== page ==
#CultureFirst: Steve Hopkins


The #CultureFirst series is a chance to showcase the team here at Culture Amp. We asked everyone a few questions which will give you an opportunity to get to know each of us a bit better.

Steve Hopkins - Director of Customer Success

Culture Amp: What can you do as a CAmper that you haven’t been able to do elsewhere?

Steve Hopkins: This one is an easy one. I get to try a lot of new ideas about how best to create a purposeful, #culturefirst company. It sounds obvious to say it, but that's what I can do here that I can't do anywhere else. At Culture Amp, we're constantly asking how we nurture our operational culture to be as purposeful and generative for our people as possible. Getting to do that in a fast paced, tech environment with a bunch of crazy smart people I care about is a rare opportunity indeed!

CA: Best day you’ve ever had at work?

SH: I really love what I do. In my work I get to help our customers create a more purposeful culture within their organizations. I've been lucky to have a lot of great days at work doing that.

One in particular stands out. A couple of years ago, I was touring New Zealand with Yammer's cofounder and CTO, Adam Pisoni. We were meeting with executive customers and members of the Yammer community there. On one of the (early) mornings, Adam was speaking at a breakfast event and once he was off stage the CEO of a large insurance company approached him and said "My leadership team is in a hotel room all week working on how we'll make our company a responsive and great place to work. They need to hear what you just said. Can you spare 30 minutes today to visit them?"

Our schedule was already back-to-back, but we managed to shoehorn a visit. We were in a rush, so when we arrived we raced up stairs to a fairly nondescript meeting room in the hotel. We opened the doors and inside was a cacophony of post it notes, books, coffee and people. They welcomed us with open arms and immediately cut to the chase, discussing how they felt their company could be more responsive and generative for the people that worked there. We left only 20 minutes later, but the hunger we all shared for learning about creating a more purposeful place to work was amazing.

CA: What do you geek out about outside from work?

SH: Making espresso. I've got an espresso machine at home and am trying to get better at doing that. Chasing the perfect shot is how I start most mornings.

CA: What did you want to be when you grew up?

SH: I was one of those kids that knew what they wanted to do fairly early on. From early high school I wanted to be an osteopath and run my own little practice somewhere. Something about running my own business really appealed to me. In the end, I didn't do that, but I think the core idea of having ownership over what I do and helping others still resonates strongly.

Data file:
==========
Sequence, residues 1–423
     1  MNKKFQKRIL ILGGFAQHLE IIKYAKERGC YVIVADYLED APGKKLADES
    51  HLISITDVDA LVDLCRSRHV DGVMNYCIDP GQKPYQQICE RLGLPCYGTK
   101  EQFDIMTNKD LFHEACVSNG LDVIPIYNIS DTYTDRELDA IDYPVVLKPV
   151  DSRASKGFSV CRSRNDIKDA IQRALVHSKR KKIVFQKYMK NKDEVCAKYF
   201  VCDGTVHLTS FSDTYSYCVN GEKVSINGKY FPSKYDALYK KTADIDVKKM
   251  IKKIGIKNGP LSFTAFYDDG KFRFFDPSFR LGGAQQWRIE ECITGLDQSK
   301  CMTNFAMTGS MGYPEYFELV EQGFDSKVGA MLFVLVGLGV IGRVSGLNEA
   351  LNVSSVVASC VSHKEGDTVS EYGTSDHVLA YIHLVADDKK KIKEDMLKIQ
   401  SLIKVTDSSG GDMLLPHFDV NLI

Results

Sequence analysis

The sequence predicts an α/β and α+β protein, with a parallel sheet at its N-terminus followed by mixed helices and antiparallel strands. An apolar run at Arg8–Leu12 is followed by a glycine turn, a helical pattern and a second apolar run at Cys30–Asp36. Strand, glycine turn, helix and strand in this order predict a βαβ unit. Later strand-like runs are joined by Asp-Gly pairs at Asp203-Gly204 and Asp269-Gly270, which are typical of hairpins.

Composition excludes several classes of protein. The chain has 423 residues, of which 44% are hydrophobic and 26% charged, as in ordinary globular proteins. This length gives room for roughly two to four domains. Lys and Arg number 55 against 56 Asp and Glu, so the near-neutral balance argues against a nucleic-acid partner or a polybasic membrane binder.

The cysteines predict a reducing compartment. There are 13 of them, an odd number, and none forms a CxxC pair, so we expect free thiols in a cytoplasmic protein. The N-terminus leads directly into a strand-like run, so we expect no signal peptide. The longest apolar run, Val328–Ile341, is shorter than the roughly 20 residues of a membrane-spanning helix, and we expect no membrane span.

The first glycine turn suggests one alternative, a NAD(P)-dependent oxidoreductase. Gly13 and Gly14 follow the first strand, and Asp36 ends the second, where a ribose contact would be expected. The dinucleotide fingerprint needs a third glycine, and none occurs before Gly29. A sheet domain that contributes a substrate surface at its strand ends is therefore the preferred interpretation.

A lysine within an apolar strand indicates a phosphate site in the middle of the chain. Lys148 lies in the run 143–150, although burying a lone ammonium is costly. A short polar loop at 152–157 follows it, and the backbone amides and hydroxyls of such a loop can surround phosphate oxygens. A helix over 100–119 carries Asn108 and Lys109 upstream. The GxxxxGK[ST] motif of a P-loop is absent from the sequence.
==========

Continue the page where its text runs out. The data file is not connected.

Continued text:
CA: What is something about you not many people know?

SH: I once met David Allen, of Getting Things Done (GTD) fame. Some people know this, mostly because I occasionally brag about it. But I wish that number were bigger!

CA: If you could be a lead character in a movie, who would it be?

SH: Can I do TV instead? I'm West Wing tragic. I've watched most episodes a few times. If I could be one of the lead characters, it'd be Josh Lyman. Something about being the person working hard behind the scenes to make everything run smoothly appeals to me.

CA: Where would you go on an all expense paid trip tomorrow?

SH: Location-wise, I'm not sure, but I'd be trying to find a little cabin in the woods somewhere. I imagine lighting a pot-belly stove and brewing a tea or coffee before reading a book.

CA: What does workplace culture mean to you?

SH: There's a few ways to answer this. I define workplace culture as how I, work with others, to get it done. There's a lot of extra detail I could go into there but that's it in a nutshell.

Personally, I really love working in organizations where there's a culture of people working in community with our customers. Those environments tend to create places where decisions are simple and easy to make, because we've often worked openly with our customers during the decision process.

CA: What was the first and last concert you attended?

SH: Oh man. Do you know, I can't remember. It may have been a jazz concert in a little bar in Melbourne. I used to play the trumpet and my teacher at the time took me along to an album launch. Ditto on the last concert. I'm not much of a live music goer, I guess!

CA: What was the best piece of advice you’ve been given?

SH: Speaking of GTD, probably the best piece of advice I've ever been given is to take things off my mind and put them somewhere trusted. That clears space for better thinking and being more present in the moment. Once you start trying to do that, it changes a lot of your behaviors. Thanks to Ross for putting me onto GTD.

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